The View from the Rocks – Following in G-d’s Footsteps

By Rabbi Adam Friedmann

Member of Yeshiva University Torah Mitzion Beit Midrash Zichron Dov in Toronto 
Currently studying at the Eretz Hemdah Institute.

Bnei Yisrael are waiting for Moshe to descend from Har Sinai. It has been a long time. Bnei Yisrael get restless. It is important for us consider things from their perspective. They were taken out of the only life they had ever known in Egypt and trekked out into the middle of the desert. The one guiding them through this precarious journey, and their connection to G-d, was Moshe. But then Moshe went up a mountain and into an ominous looking fire-cloud with no food, and, at a simple reading of the pesukim, without telling them when he was going to come back. Cast in this light, Bnei Yisrael’s concern about whether Moshe was alive is understandable. Their reaction to Moshe’s disappearance, however, was not.

What exactly was the sin of the golden calf? Rabbi Yehudah Halevi in the Kuzari (1:97:4-11) argues that the sin was not avodah zarah. There was no worship of a foreign god. The real sin was far more subtle, and emerges from the text itself:

When the people saw that Moses was so long in coming down from the mountain, the people gathered against Aaron and said to him, “Come, make us a god (א-להים) who shall go before us, for that man Moses, who brought us from the land of Egypt—we do not know what has happened to him.” (Shemot 32:1)

The key here is the word א-להים. According to the Kuzari this is not a reference to another god but rather to another authority or leader (Moshe himself is called א-להים. see Shemot 7:1) The attempt was not to subvert Moshe and suddenly follow another god, but to make another representative of Hashem to replace Moshe. Bnei Yisrael’s failing was that they needed a tangible object of worship. They couldn’t handle a reality in which they served a G-d who could not be seen and had no physical manifestation at all.

The result of this sin was a breach in the relationship that had been forged at Har Sinai. Bnei Yisrael’s actions indicated that they couldn’t handle being close to G-d. The consequence was that G-d withdrew Himself from the nation. The Ohel Moed, where G-d would speak to Moshe, was visibly removed from the camp. It seemed that the relationship was fundamentally broken.

At some point after this, for reasons not made clear to us, Moshe prays to G-d. He does not want the relationship to end. He pleads for a way for Bnei Yisrael to find favor in G-d’s eyes again, for Him to relent, and agree to enter the camp again. Moshe pushes further. Not only does he want G-d to be part of the camp but he wants Bnei Yisrael to be His one and only – ונפלינו- let us be different from all other nations. G-d grants this as well. Finally, Moshe asks to see G-d Himself. At this point, G-d declines. He agrees to appear to Moshe, but only to reveal a vision of what is “behind Him”. Rashi (Shemot 33:23) interprets this to mean that G-d shows Moshe the knot of His tefillin.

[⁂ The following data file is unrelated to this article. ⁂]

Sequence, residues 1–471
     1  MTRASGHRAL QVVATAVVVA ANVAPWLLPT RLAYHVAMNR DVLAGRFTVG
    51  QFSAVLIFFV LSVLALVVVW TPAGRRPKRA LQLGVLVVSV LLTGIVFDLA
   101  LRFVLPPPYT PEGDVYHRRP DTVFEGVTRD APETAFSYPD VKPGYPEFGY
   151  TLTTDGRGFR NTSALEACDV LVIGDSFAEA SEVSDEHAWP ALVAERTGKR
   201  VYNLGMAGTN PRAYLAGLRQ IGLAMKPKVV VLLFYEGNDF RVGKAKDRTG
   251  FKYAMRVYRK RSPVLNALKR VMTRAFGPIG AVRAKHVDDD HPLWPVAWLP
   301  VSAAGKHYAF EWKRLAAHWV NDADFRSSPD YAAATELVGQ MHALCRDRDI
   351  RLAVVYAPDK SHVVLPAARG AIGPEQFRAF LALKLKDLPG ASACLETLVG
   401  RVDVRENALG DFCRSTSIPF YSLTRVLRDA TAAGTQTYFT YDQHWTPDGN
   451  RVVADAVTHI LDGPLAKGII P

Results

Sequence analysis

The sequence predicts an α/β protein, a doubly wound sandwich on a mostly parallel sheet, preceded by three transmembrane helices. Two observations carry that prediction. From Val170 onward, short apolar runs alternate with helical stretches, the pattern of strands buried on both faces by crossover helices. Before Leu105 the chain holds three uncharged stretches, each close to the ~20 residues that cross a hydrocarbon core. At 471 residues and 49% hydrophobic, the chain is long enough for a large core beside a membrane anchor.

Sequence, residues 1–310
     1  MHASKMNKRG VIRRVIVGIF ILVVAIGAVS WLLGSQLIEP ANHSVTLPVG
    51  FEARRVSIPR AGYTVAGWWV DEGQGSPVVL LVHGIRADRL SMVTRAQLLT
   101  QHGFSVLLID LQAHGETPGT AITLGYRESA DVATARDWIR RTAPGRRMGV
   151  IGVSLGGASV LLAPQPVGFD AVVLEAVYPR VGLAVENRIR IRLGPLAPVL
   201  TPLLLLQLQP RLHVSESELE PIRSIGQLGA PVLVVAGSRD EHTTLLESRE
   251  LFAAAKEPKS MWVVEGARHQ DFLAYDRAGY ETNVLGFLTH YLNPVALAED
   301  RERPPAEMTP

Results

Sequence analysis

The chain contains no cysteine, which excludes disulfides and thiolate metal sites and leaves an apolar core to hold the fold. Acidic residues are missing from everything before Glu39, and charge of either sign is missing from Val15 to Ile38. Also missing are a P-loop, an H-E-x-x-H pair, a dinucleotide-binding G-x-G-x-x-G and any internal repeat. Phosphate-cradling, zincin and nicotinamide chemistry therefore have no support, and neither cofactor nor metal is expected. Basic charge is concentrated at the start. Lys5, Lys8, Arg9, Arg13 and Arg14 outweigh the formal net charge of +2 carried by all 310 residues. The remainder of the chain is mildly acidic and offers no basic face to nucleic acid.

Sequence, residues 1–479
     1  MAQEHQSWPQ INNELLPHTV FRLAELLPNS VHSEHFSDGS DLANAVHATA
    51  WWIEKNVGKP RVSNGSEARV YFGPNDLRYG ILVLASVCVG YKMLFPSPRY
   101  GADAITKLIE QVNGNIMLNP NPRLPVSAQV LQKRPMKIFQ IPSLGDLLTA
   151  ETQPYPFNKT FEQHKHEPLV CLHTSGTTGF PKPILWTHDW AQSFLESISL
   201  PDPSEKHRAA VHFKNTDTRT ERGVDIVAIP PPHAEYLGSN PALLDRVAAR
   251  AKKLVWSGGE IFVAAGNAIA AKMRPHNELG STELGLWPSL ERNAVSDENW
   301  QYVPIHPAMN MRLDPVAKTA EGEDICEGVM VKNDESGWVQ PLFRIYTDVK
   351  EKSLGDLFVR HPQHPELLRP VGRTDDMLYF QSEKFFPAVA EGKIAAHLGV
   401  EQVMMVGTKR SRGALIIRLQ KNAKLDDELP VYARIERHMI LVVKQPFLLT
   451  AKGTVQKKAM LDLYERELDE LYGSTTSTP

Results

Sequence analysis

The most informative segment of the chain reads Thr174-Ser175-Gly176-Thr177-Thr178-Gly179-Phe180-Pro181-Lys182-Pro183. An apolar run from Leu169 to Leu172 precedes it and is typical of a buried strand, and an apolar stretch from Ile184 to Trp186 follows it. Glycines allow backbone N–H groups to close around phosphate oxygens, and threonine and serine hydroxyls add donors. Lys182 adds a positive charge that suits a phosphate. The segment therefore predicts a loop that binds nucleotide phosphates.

Apparently at this point the relationship has been restored. G-d agrees to dwell in the camp. Has anything changed in this new reality? They key may lie in Moshe’s vision of G-d’s back. Why show Moshe the tefillin knot? Rabbi Yaakov Medan suggests that Moshe was meant to understand that a knot in back means teffilin in the front. The Gemara (Berachot 6a) tells us that the text in G-d’s tefillin is focused on the greatness of Bnei Yisrael. G-d was telling Moshe that Bnei Yisrael are His one and only, and that He is committed to them forever. But now a new way of having the relationship emerges. G-d is there, but we have to find Him. Just like we infer from the tefillin knot that there is tefillin, we cannot access G-d directly. We have to consider what He “leaves behind”, His actions, the creation around us, and discover His presence on our own.

The result of this new paradigm is a remedy for the sin of the calf. When G-d appears and overwhelms us we are unable to fathom it. We feel the need create a tangible place holder. But when we search for Him in and through every experience, and find Him there, then our everyday lives become infused with His presence.

The message for us is clear. G-d is waiting. His tefillin are on. It is up to us to look around carefully, to think deeply, and in this way to discover the vision of G-d that is waiting for each of us.

Comments to: friedmann.a@gmail.com